Policymakers assume that these various tax advantages provide an incentive for people to save more than they otherwise would have and Congress has regularly expanded these tax incentives over the past few decades, ostensibly to better target them to small businesses and the self-employed. The result has been a costly, complex, unequal and, as it turns out, ineffective tax mess.

Biggs and Munnell amply detail some of the system’s failures. For one, savings incentives do not actually lead to a lot more savings. Most money in retirement savings plans would have happened even without the tax breaks. Similarly, the bulk of the current tax shelters has little effect on who saves. Despite an expansion of savings incentives over time, the share of households who have tax-advantaged retirement savings has remained fairly constant over the past three decades, the CRR brief notes. Yet, those incentive expansions have meant more tax breaks are being thrown at the same people while retirement savings options grow more complex as people face multiple options for fewer taxes in the present and the future.

Tax-advantaged incentives have failed to increase retirement savings because they are heavily skewed toward higher-income earners, who would have saved money anyway, and because their complexity makes it more difficult for people to figure out the actual tax benefits of various saving options. The bulk of those incentives — 59% — go to those with the highest 20% of incomes, CRR notes. In fact, according to the Washington Center for Equitable Growth, households with incomes between the 80th and 99.9th percentiles received 24 times the savings incentives relative to income as did households with incomes from the 40th to 60th percentile in 2020.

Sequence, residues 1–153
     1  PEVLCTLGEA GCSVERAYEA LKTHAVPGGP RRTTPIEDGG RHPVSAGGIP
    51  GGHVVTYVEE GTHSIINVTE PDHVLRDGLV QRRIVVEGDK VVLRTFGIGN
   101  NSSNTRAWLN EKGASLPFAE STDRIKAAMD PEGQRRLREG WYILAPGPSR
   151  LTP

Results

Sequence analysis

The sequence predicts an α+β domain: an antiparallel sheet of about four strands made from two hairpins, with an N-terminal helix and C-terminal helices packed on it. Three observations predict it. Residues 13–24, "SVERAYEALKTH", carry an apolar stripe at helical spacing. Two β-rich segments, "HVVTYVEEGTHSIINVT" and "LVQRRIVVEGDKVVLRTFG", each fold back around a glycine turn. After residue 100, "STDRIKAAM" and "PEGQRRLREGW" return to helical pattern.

Further, the complexity of the system makes it difficult for people to figure out which retirement savings option is most beneficial to them. Workers often do not participate when employers offer a retirement plan. They are even less likely to save for retirement on their own. They contribute too little to avoid significant income shortfalls in retirement, even in the face of employer contributions. And they get stymied by the myriad of investment options in retirement savings accounts, which again leads to too few savings and low rates of return. While default options in retirement savings can improve some retirement outcomes, they are not enough within our current system to compensate for the lack of effective savings incentives for those who need extra help the most.

Reforming savings incentives to address these two costly flaws – complexity and regressivity – is the solution to fixing what ails our retirement system. Better targeting incentives to reach lower-income households and significantly reducing the complexity of current savings incentives is the best way to achieve more and more broad-based savings. Congress should convert all existing deductions and exclusions into a single, refundable tax credit — called the Universal Savings Credit — that would function as a progressive savings match. Lower-income earners would receive larger benefits relative to their incomes and there would only be one tax incentive.

Research from the Center for American Progress tells us that low-income earners will increase their savings in response to incentives such as matches. Indeed, that is why the federal government created the Saver’s Credit in 2001 and recently improved it to reach more low-income earners and reduce bureaucratic hurdles. And while expansion of the Saver’s Credit is a small step in the right direction, the renewed discussion over the failure of existing tax incentives can hopefully result in a giant leap for retirement security for all.